livable city. Charlotte. with a bright economic future for all its citizens. DEMOGRAPHICS In 2004. redevelop transit and business corridors. Charlotte has shown foresight and progress in this and offers a unique brand because these factors are considered. Center City Partners as well as the Office of Economic Development have run some targeted event campaigns.330. according to the US Chapter Eight. The plan outline also requests feedback on the proposal. This also will keep Charlotte as a viable tourist destination.Entrepreneurial development Work-force development Hospitality. not just business community issues. develop a future work force and provide opportunities for small-business owners. A Case Study. Charlotte's leaders have a specific goal to achieve and to maintain a prosperous. a national branding campaign has not been launched for Charlotte. This plan anticipates the following: bring in new business. cultural and tourism assets A detailed strategic framework plan outlining the aforementioned has been presented to business and community organizations. 5 109 Advertising has been used. population in the City of Charlotte was 614. . the business and economic environment has done an admirable job promoting Charlotte by reputation and word-of-mouth. To date. retain existing business.
census 2003 estimate. Charlotte-Gastonia-Rock Hill metropolitan area is a metropolitan area composed of the counties of Mecklenburg, Gaston, Lincoln, Cabarrus, Union, Rowan, and Stanley in North Carolina and crosses the stateline into South Carolina with York County. The population of the metropolitan area was at 1.5 million in the 2000 US census.6
Charlotte boasts the following: One airport; two major railway lines; one bus line; 605 trucking firms, 12 TV stations, 28 radio stations, 10 hospitals and two Medical Centers, nine Universities, nine Colleges, 89 elementary schools, 31 middle schools and 17 high schools.7
Charlotte is one of the fastest growing cities in America. Fortune Magazine rated Charlotte in the early 1990’s as ‘no 1. in the country’ for its pro-business attitude and has raised its profile from ‘one of the hottest cities in the south’ to ‘one of the most admired cities in the world.’ Last December Money magazine included Charlotte among the 10 best places to live including Los Angeles, Seattle, San Francisco, Las Vegas, Phoenix, Denver, Austin, Chicago, and New York. Charlotte was chosen based on livability, population growth, housing prices, and livable neighborhoods. The can-do attitude of the business community is matched by a cooperative relationship with the public sector.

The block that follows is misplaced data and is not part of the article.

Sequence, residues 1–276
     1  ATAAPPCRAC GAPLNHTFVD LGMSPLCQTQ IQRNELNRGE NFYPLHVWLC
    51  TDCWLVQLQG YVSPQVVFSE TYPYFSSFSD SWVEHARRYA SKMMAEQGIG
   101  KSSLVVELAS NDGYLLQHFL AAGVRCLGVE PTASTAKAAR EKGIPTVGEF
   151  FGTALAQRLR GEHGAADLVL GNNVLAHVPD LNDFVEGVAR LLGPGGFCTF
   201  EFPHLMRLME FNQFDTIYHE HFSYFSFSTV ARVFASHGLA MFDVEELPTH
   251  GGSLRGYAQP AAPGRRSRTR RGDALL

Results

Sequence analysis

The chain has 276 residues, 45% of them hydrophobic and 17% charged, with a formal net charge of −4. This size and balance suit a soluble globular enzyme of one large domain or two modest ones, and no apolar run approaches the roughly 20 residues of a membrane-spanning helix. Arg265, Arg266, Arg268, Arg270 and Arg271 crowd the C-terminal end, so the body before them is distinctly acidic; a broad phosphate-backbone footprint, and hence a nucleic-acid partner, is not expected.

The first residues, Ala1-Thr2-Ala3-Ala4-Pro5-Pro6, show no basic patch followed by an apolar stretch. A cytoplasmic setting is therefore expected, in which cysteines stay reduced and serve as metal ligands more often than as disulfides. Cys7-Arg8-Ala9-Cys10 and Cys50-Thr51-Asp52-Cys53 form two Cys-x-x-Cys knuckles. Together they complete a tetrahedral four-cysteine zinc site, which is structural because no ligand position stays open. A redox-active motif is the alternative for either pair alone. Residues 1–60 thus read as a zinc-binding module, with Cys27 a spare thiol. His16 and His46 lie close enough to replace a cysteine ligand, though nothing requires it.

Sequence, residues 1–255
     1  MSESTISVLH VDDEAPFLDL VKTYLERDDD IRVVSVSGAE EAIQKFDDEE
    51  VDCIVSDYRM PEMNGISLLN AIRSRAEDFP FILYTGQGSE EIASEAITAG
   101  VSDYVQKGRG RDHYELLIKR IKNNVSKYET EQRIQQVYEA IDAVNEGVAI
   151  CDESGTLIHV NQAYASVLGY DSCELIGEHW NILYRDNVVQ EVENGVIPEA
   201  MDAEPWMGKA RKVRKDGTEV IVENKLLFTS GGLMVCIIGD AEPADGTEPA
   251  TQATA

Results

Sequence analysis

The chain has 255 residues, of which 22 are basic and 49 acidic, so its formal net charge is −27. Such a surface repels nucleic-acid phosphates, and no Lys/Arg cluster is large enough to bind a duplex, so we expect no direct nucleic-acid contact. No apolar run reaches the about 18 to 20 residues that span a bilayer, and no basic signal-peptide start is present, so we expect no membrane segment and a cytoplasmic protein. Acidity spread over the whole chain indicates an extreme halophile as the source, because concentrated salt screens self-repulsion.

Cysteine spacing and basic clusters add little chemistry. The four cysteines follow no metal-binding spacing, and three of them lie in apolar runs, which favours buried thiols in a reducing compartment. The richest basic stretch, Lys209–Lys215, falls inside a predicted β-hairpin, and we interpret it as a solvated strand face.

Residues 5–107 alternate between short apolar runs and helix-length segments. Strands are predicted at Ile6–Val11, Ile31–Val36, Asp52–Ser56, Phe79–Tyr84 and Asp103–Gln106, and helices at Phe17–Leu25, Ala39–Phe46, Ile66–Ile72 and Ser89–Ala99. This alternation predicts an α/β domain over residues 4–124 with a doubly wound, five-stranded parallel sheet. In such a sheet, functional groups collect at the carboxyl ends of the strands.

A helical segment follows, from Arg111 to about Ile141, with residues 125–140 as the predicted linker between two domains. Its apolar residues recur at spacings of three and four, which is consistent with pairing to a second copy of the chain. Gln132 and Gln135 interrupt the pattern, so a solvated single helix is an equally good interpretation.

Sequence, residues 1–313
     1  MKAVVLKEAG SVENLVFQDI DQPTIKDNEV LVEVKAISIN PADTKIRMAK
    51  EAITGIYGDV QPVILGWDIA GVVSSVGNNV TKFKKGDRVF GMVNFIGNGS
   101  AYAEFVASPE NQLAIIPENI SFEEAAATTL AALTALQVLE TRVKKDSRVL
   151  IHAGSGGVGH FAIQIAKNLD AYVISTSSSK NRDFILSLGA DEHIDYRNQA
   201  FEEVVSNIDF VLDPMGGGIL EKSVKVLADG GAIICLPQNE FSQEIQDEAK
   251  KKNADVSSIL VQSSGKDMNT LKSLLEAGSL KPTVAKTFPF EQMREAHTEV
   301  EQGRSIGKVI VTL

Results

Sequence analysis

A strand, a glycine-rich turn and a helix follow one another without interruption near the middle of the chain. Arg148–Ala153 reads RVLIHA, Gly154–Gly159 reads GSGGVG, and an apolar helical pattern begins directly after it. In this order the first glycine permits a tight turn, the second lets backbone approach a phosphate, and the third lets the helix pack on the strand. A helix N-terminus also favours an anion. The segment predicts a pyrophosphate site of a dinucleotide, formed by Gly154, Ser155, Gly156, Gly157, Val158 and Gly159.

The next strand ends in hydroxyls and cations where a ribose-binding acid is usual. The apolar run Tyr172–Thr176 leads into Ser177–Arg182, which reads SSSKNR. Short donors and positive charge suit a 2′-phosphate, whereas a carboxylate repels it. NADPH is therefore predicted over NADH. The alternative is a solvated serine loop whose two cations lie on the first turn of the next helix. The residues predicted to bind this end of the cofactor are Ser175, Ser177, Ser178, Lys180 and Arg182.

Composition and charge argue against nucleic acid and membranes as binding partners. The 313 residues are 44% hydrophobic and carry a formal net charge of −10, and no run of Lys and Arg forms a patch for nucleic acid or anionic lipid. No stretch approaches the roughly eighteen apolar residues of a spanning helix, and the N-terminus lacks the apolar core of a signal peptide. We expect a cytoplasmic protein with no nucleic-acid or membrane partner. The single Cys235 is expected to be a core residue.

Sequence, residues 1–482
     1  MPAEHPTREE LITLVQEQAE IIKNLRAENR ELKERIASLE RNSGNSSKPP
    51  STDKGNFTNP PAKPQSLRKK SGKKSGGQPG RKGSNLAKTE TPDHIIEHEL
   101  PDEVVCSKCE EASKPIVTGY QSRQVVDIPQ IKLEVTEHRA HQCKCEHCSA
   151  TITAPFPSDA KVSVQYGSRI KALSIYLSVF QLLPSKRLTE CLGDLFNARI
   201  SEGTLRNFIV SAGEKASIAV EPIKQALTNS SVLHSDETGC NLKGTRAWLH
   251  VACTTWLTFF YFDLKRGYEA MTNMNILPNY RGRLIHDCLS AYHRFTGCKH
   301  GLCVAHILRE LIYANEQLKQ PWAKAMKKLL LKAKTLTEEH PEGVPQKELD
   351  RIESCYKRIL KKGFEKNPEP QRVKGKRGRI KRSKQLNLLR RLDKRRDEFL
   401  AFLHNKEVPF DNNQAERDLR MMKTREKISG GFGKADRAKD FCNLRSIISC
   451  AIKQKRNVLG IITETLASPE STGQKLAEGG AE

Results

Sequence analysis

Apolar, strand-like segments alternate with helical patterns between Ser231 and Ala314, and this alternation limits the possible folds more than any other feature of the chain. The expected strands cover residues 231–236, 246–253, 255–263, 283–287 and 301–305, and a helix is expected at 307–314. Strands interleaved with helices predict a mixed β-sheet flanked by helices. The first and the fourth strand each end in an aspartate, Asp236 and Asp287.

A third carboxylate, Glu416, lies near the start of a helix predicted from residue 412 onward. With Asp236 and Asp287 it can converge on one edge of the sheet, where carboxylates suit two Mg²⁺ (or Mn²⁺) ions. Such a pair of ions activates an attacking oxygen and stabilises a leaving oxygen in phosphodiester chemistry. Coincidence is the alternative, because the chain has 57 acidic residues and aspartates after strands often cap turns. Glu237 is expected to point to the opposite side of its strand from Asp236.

Charlotte is also a magnet for artists. The region is No. 1 in the country for in per-capita giving to the arts and sciences, and also number 1 in the country in the growth of foreign-owned companies.
Chapter Eight. Charlotte. A Case Study.
Charlotte also has invested in the Center City. Smart city planners realize that in order to have a successful city as well as a region, you need to have incentives for people to live in the center of cities. Residents need places to go, things to do, good restaurants, entertainment, parks, and recreation. By building up or re-building the center of cities and their downtown areas, the potential of becoming a successful city are much improved.
All of the attractions of living in the center of a city such as New York, Chicago, San Francisco or Boston are based on these factors. Charlotte has embraced this notion of ‘urban living’, and just 15 years ago, the Uptown area (which refers to ‘downtown’ in other cities) was more like a ghost-town at night and on the weekends. Now it is a ‘happening’ place with award-winning restaurants, theatre, and attractions such art and children’s museums. These attractions bring people to the center city at night and on the weekends.
Night lights of Uptown Charlotte. 111
Today's Uptown Charlotte is a major financial center, home to the headquarters of Bank of America, Wachovia and other national banks. Charlotte is the second largest banking center in the country after New York City.
Chapter Eight. Charlotte. A Case Study.
The Charlotte skyline has exploded in recent years and features the Bank of America Corporate Center, designed by Cesar Pelli. At 871 feet, it is the tallest building between Philadelphia and Atlanta.9
The following Fortune 500 companies are also headquartered in Charlotte: Duke Energy, Sonic Automotive, Nucor, SPX Corporation, Goodrich Corporation, IBM also has a large presence.
The Bank of America Corporate Center. Uptown Charlotte.
As far as tourism is concerned, Charlotte is the largest city between Washington, D.C. and Dallas, TX and is the number one travel destination in the Carolinas. Charlotte is located close to the border of South Carolina, just a three-hour drive to the beaches of the Carolinas; or to the west, the scenic mountains.
PEOPLE: RESIDENTS AND VISITORS Charlotte is a city that has both white and blue-collar workers. Because of its premiere banking and financial status, its population is largely white collar. Yet it remains a blue-collar magnet for NASCAR, Lowe’s, and Nucor Steel. 10 Approximately 60-70% of residents currently living in Charlotte are transplants; primarily from the NorthEast and the MidWest. Charlotte is a good example of economic and cultural diversity working to create successful growth in a city. However, the southern heritage Charlotte possesses is not lost. Many of her original
Chapter Eight. Charlotte. A Case Study.